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Insights on border legislation from our Shipper-Carrier Rountable

After more than five years of stricter and more expensive border legislation, have we finally reached the end goal ...

After more than five years of stricter and more expensive border legislation, have we finally reached the end goal of a more secure and efficient border? <br>
Border security was one of the hot issues discussed by the shipper and motor carrier executives participating in our first annual Issues Roundtable, sponsored by Shaw Tracking. Over the next few weeks we will be sharing their views on this and other issues.<br>
Participating in the Issues Roundtable were Serge Gagnon; President, XTL Group of Companies; Rob Penner, Vice President, Operations, Bison Transport; Dan Einwechter, President, Challenger Motor Freight; Julie Tanguay; President, L.E. Walker Transport; Neil McKenna Director, Transportation Operations, Canadian Tire Retail; and Bob Ballantyne, President, Canadian Industrial Transportation Association. Lou Smyrlis, Editorial Director of BIG Transportation Media, moderated the roundtable.<br>
In this installment of the Shipper-Carrier Roundtable we look at our panelists’ views on the challenge of transborder hauls. <br>

Smyrlis: There have been several security initiatives put in place since 9/11, at considerable cost to both carriers and shippers. Are we meeting the Canadian and US governments stated dual goals of security and efficiency?

Penner: We are not optimistic that we have seen the end of it because as a user of these so-called highly secured processes we understand they act more as barriers to trade than boosts to security. Where both sides of the border have done a horrible job is in not placing an equal amount of responsibility on the importers and exporters for being accountable for security. It is absolutely ridiculous that the carriers are the ones that are pushing the security programs such as FAST and C-TPAT. When you think of the number of companies importing and exporting its laughable how few shippers are involved with these programs. There are really no efforts or responsibilities on the side of shippers and the programs dont really create secure border crossings. We also have conflicting policies such as load securement and load security. Load securement will trump load security because the driver will put on a security seal 15 minutes before he gets to the border and rip it off 15 minutes after he gets past the border. If the customer doesnt seal the trailer and you have to in order to get it across the border, the security onus falls squarely on our shoulders and the load is not really secure.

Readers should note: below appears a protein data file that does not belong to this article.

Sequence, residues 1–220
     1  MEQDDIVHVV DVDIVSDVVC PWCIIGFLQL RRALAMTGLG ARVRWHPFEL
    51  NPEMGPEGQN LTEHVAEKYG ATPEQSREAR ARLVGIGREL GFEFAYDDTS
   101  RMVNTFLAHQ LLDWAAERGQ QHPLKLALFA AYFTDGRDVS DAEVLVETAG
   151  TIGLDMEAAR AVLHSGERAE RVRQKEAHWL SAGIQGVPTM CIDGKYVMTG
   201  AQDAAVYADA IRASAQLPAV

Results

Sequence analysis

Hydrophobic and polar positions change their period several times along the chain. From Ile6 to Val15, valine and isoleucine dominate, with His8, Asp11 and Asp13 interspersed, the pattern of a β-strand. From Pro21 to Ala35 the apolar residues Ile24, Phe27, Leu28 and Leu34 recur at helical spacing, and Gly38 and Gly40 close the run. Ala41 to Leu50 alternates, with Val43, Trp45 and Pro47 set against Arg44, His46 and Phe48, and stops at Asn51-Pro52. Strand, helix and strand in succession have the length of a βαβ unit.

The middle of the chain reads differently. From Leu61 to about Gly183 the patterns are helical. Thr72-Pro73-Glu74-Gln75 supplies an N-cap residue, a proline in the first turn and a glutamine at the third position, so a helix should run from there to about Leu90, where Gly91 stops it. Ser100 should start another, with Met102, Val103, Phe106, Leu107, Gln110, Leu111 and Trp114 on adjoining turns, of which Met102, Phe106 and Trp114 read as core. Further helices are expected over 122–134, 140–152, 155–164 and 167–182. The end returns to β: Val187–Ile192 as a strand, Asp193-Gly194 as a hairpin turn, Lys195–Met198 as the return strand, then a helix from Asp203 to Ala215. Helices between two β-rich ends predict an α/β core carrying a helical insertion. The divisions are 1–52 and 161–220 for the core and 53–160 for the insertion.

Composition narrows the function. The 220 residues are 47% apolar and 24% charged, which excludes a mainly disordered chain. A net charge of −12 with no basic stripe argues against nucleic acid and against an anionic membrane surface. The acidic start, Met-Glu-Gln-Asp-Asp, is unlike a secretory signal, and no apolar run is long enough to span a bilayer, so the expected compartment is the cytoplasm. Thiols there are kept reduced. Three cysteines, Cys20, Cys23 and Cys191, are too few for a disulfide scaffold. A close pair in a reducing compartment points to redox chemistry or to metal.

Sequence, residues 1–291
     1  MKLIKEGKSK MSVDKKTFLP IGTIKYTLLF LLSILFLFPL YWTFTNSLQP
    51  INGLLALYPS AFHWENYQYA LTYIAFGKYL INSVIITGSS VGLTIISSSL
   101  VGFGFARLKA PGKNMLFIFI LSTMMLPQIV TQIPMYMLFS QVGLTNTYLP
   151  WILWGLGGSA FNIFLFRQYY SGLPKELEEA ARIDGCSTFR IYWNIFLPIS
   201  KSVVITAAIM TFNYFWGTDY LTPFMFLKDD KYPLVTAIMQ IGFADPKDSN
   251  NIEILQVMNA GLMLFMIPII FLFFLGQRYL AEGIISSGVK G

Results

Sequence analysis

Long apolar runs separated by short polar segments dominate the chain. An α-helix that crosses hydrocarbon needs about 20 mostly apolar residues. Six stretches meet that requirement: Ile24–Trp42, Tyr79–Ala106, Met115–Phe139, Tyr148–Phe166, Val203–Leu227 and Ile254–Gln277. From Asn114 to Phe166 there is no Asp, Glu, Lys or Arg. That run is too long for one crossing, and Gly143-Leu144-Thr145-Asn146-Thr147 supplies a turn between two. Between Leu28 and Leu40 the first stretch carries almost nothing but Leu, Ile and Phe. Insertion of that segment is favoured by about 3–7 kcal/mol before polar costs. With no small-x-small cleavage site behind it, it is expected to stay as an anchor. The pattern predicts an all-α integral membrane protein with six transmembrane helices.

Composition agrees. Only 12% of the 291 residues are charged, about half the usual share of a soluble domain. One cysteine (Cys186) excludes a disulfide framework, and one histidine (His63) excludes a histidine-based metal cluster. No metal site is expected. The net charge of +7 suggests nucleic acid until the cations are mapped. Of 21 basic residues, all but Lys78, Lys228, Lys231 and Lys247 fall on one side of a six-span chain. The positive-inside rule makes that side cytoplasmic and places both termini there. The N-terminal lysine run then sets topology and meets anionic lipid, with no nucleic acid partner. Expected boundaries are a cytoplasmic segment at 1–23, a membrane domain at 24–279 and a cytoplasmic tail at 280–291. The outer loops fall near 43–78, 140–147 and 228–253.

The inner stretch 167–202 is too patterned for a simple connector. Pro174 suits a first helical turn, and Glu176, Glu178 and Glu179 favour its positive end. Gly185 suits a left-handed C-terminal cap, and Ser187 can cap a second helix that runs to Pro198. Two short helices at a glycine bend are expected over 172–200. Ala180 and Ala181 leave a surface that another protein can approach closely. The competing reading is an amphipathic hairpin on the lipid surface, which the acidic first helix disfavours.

Smyrlis: Are you saying we may end with more security legislation in the future simply to fix the mistakes with the current security legislation?

Penner: At the bare minimum, if not go back to the drawing board and start again. There really is no security there. Weve had our drivers become FAST certified yet some of them still get dragged in by Immigration every single time they cross the border so the program is losing a lot of credibility with drivers. Visible minorities remain a target at the border, thats plain and simple.

Smyrlis: When it comes down to it, are we any more secure than we were before we started implementing these expensive programs?